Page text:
By Rebecca Miller, Photos by Brittni Moten
On Field Media
DAR ES SALAAM, Tanzania — It’s just after 8 a.m. in the morning, and Steve Lyons’ blue paisley handkerchief is already clenched in his hand. As the heat builds, he swipes the handkerchief across his face as he leads a class of about 40 young Tanzanian teacher candidates through a recitation of people and places in the Bible narrative. Despite the March heat, he doesn’t break the rhythm of the story, his gestures animated and enthusiasm contagious.
As the religion class progresses, Steve has the students stand and go through a series of hand motions to remember Old Testament names and locations. Outside, several young women sneak out of a neighboring classroom, one wearing a hijab, a Muslim head covering. They giggle as they mimic the class’s movements, before scurrying back into their classroom.
The narrations open doors to interact with people of all walks of life and religions, Steve said — and it’s fun.
“Oh, man,” he chuckled. “I never have such a good time as when I’m narrating.”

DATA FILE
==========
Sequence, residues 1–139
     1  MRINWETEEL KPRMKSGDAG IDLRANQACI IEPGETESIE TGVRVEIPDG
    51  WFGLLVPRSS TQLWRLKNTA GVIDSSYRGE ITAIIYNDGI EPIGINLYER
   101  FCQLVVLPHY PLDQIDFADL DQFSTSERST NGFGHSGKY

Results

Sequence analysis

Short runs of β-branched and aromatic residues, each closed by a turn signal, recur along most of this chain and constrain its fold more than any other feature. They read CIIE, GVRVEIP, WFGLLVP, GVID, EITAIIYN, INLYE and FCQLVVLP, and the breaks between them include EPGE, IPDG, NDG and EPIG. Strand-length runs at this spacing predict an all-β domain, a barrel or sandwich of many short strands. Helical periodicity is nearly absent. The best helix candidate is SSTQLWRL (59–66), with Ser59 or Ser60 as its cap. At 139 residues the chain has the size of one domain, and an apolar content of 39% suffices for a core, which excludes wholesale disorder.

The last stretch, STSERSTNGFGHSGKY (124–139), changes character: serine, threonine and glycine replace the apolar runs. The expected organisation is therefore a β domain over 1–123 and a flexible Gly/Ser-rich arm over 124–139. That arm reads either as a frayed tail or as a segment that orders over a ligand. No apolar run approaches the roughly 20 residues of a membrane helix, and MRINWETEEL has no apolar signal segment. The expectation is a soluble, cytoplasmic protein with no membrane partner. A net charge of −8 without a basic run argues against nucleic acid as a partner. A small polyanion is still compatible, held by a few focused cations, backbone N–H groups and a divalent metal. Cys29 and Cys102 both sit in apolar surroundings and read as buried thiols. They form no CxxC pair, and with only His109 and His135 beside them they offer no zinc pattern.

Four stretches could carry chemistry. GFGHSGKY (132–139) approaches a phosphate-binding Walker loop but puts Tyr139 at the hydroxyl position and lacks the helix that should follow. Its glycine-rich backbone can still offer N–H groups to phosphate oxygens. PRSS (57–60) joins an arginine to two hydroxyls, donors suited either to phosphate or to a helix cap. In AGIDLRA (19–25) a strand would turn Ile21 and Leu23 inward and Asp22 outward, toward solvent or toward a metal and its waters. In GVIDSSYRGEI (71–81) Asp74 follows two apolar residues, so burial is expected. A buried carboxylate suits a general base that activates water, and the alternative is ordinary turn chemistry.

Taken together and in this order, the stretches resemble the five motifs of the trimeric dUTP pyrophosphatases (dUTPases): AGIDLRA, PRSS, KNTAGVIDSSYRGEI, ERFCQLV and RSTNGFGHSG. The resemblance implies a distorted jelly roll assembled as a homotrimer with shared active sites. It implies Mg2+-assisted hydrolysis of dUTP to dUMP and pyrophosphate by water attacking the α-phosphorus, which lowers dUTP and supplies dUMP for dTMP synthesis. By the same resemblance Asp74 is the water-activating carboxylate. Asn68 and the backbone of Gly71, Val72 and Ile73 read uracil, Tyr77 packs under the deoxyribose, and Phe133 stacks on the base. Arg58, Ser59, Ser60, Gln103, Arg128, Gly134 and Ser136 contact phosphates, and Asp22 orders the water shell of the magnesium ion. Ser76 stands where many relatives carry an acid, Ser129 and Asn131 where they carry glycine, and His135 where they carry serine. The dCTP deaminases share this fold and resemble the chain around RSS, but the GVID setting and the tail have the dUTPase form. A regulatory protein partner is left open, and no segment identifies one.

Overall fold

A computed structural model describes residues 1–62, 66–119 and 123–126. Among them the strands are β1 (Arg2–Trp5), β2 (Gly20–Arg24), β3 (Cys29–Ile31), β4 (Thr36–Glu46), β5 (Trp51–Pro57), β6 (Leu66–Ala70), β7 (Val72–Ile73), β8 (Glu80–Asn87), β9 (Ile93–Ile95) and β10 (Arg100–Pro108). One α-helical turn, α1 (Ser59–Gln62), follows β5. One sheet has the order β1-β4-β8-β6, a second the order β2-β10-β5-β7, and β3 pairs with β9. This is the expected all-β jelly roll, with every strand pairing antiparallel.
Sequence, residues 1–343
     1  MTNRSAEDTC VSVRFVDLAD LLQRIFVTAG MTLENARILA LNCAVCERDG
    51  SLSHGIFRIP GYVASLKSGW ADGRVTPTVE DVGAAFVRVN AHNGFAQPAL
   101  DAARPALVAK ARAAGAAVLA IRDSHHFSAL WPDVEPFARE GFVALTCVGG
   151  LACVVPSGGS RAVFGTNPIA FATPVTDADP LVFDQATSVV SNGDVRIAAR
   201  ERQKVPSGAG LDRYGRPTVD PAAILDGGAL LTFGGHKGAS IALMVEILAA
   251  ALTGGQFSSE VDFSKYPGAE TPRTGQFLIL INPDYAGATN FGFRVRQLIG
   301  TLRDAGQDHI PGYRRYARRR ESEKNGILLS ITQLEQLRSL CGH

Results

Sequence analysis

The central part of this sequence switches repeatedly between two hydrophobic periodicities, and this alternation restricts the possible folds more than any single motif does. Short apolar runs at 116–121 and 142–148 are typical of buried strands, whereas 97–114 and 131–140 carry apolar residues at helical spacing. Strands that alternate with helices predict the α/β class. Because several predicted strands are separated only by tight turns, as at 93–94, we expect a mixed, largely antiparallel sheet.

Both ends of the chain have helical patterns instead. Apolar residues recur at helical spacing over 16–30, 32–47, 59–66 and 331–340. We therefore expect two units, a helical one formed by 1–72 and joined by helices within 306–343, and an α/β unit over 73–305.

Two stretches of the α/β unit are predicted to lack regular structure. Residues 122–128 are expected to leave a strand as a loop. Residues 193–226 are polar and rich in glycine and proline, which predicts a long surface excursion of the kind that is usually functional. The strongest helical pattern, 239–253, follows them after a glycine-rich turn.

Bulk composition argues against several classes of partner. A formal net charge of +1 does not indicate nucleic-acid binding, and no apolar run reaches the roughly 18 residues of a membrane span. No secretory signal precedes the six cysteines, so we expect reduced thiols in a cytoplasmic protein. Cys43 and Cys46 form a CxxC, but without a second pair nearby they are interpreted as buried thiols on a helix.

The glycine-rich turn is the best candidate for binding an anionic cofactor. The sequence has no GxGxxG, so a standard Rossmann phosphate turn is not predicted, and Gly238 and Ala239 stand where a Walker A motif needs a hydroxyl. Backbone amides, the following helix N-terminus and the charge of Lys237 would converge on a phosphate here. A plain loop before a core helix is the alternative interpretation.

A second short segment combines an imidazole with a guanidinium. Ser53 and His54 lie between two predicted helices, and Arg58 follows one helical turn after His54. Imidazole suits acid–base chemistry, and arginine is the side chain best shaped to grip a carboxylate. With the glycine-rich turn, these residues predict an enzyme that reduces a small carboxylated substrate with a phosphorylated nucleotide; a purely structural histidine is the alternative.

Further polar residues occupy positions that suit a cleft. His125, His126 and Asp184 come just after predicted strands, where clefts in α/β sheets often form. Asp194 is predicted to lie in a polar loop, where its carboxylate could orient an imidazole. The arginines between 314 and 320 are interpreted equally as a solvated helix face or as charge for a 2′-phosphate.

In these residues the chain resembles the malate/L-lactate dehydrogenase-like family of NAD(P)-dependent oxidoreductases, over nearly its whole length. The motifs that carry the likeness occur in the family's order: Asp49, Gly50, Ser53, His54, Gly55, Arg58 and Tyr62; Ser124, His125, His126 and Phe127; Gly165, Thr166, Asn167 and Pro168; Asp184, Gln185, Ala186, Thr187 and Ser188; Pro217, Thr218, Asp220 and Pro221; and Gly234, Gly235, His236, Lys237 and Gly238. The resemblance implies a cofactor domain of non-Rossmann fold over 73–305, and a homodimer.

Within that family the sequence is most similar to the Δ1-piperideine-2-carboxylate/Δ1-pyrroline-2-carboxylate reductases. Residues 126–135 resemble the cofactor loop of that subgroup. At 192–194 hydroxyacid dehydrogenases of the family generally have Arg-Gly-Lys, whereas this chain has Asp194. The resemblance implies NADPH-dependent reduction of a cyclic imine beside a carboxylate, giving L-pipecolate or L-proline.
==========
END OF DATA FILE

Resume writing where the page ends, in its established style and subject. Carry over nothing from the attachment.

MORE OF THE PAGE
Telling the chronological story of redemption as recorded in the Bible has been a ministry staple for Steve and his wife, Carol, since they came to Dar es Salaam 21 years ago to work with ReachGlobal, the missions arm of the Evangelical Free church. “Tribal cultures,” Steve explained, “want to see the whole story and how they fit into it.” Which is why this storytelling technique is so popular and effective on the African continent.
For the past two and a half years, Steve and Carol have spread their zeal for this narration technique to the Training in Ministry Outreach (TIMO) team they are leading. Based at a teachers’ training college in Tanzania’s capital city, Dar es Salaam, the team has helped train aspiring teachers — and discipled those who have a heart for the Lord, who want to make disciples of others, and who are willing to do so in often remote places.
The result? Scores of young Tanzanians have shouldered the mantle of a missional life and committed to live and work in hard-to-reach places, oftentimes among an unreached people group. They are now spread across the country as teachers.
Most far-flung posts are staffed by young men, since the government normally reserves village and city posts for women. All told, there are more than 50 teachers who have taken up the call to be missionaries.
The concept of sending mission-minded teachers into the remote schools also removes a typical road block for an African interested in going into missions: finances. A teacher’s salary is paid by the Tanzanian government.